I am often reminded of what my friend Margaret Marcuson, author of Leaders Who Last, says about bringing about change in congregations, which is, “Everything takes five years.” While that’s a bit tongue-in-cheek, it’s not far from the truth. Over the past four weeks I’ve had casual conversations with many church leaders related to how long it takes to get things done in congregations. Each highlighted a different aspect of the dynamic.
Gaining trust takes time. A conversation with a local priest highlighted how long it takes for folks to learn to trust a new leader. Trust is not something that is given totally by virtue of position or office. And if we’ve followed a leader who has not left well, then gaining trust can be even more difficult. Gaining people’s trust takes about five years.
Flushing the system takes time. One recent seminary graduate, only two years out of seminary, is leaving her first church position. She’s feeling frustrated that people on her primary ministry committees don’t seem to listen to her ideas, don’t seem to take her seriously and don’t follow her leadership. I shared with her my own perspective that in order to begin to get things done you sometimes have to “flush the system” first. That is, you have to transition out the people on committees that you inherited and start putting in the people you need. Getting all the people you need in the right places takes about five years.
Learning the culture takes time. My conversation with a pastor revealed his surprise at how long it took for him to understand some of his church’s behaviors and practices. He is in his sixth year of ministry in the congregation and only now is becoming aware of some of the history behind issues, practices, and habits. For one thing, he’s noticing that church members are starting to share a different kind of information, one that includes history, stories, and ”insider” knowledge that they hadn’t shared before. It takes about five years to begin to understand the culture.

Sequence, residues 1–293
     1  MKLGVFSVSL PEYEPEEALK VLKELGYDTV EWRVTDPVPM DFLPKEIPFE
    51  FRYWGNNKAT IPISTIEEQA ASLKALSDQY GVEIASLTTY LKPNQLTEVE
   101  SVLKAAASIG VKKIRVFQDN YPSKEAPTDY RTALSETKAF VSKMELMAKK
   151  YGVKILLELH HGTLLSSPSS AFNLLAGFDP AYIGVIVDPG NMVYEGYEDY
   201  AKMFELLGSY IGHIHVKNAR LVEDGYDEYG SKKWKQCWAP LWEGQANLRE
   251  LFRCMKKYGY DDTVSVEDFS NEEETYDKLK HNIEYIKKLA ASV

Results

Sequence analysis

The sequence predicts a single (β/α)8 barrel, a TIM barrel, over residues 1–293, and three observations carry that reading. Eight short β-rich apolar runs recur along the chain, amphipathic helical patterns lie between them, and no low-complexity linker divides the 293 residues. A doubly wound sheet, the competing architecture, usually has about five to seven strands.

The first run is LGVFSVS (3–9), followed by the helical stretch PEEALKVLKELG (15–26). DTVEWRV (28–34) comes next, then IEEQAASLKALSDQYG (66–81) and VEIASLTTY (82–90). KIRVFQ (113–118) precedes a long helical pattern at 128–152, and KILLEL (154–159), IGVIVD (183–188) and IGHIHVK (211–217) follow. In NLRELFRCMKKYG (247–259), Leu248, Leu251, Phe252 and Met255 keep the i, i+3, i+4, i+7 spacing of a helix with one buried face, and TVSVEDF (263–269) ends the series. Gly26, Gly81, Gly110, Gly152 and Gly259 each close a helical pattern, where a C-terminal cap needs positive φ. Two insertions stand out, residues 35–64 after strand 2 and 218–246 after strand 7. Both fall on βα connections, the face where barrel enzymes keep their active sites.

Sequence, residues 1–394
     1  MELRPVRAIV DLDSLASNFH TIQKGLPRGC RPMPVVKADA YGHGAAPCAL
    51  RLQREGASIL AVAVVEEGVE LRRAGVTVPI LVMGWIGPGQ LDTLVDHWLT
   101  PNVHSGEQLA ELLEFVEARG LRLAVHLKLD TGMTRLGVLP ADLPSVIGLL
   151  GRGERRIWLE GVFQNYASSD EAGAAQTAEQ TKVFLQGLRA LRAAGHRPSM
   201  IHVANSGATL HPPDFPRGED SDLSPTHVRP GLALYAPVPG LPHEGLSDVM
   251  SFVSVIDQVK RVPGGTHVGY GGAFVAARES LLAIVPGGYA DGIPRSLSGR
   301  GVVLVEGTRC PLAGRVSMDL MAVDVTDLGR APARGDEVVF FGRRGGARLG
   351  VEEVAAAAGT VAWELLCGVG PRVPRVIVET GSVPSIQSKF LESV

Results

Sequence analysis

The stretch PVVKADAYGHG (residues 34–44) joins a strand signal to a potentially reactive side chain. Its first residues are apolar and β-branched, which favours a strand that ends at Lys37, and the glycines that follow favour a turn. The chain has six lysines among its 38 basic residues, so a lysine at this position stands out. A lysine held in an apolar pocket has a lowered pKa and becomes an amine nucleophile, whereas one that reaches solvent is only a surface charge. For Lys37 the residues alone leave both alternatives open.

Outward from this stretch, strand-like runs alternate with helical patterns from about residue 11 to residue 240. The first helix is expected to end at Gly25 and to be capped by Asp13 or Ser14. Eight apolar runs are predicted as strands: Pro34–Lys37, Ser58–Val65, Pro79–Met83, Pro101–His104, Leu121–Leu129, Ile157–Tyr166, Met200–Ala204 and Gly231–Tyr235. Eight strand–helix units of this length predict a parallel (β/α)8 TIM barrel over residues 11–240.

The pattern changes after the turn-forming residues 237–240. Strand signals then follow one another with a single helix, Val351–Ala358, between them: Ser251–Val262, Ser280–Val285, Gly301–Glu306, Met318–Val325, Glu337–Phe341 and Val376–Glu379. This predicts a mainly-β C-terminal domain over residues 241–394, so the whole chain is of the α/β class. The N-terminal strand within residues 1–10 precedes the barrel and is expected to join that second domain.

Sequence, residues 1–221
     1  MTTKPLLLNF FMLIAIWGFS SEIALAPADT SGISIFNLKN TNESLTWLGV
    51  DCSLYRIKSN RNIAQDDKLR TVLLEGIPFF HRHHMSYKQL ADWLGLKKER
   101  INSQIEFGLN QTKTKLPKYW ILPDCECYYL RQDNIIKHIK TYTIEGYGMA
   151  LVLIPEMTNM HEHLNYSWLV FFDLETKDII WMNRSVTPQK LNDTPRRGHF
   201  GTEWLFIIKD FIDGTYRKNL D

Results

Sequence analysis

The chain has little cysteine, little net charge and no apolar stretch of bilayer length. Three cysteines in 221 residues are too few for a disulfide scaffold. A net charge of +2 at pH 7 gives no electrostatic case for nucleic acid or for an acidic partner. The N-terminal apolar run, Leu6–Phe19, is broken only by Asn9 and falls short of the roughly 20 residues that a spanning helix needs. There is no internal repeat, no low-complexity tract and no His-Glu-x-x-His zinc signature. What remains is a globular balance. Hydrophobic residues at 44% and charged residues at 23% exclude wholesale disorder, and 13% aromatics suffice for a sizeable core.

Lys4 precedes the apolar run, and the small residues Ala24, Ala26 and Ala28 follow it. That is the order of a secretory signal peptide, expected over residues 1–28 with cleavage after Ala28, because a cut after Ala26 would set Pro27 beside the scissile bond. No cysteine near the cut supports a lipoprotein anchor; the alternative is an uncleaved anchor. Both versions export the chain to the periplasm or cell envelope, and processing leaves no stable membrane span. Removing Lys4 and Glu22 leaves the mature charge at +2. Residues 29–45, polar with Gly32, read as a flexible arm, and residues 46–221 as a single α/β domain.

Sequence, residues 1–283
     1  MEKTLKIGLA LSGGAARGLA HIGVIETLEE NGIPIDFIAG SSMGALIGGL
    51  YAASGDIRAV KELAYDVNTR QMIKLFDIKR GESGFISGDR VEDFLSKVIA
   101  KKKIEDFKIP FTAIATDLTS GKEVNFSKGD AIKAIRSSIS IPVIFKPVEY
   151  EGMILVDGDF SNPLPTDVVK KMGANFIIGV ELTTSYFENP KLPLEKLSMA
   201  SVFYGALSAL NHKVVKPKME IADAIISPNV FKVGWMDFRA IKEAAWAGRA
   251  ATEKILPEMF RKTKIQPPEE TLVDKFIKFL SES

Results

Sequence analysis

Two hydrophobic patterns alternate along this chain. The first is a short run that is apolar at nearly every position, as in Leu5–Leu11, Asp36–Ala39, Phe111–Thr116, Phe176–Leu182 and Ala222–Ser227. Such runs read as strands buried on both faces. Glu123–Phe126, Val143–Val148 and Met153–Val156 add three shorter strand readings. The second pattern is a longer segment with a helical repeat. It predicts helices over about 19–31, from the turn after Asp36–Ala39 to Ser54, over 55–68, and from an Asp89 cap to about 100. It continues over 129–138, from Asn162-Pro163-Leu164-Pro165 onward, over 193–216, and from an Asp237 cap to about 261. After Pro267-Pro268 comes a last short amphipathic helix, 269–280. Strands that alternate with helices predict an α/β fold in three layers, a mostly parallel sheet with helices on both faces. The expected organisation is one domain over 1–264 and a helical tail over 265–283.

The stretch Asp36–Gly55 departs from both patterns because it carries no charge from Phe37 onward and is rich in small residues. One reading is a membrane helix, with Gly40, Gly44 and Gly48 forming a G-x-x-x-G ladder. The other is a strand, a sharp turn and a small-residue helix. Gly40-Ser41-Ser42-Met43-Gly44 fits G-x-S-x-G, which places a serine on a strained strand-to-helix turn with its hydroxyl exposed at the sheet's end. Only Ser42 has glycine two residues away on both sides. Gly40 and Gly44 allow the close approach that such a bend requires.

Getting settled takes time. I recently met with a church leadership group for a consultation. When I began soliciting basic information about their church I asked how long their pastor had been there. When they said, ”Six years,” I said, ”O.k., so he’s been here long enough to have survived a couple of crises and for you to suspect he’s going to stay.” That got a huge laugh from the group; they recognized the truth in the statement. Later I stressed that at six years, the pastor was in the position ”to begin to start” making plans and dreaming about what the church and its ministry can be. Getting settled takes about five years.
Successful congregational ministry requires cultivation and development. Everything takes five years. Sadly, I suspect that too many impatient pastors and ministry staff don’t take the long view and end their ministries before they can even begin to start to make a difference. Too often the first crisis (right around the third year) is seen as a personal attack or a personal failure, rather than something that is a matter of course. The key is to get through it and beyond it. The tenacity that can help the leader come out on the other side of the first crisis is often what facilitates the capacity to bring about change in the long run.
Margaret J. Marcuson is the author of Leaders Who Last: Sustaining Yourself and Your Ministry (New York: Seabury Press, 2009). She serves on the faculty of Leadership in Ministry.
Israel Galindo is Associate Dean for Lifelong Learning at the Columbia Theological Seminary. He is the author of the bestseller, The Hidden Lives of Congregations (Alban), Perspectives on Congregational Leadership (Educational Consultants), and A Family Genogram Workbook (Educational Consultants), with Elaine Boomer & Don Reagan, and Leadership in Ministry: Bowen Theory in the Congregational Context.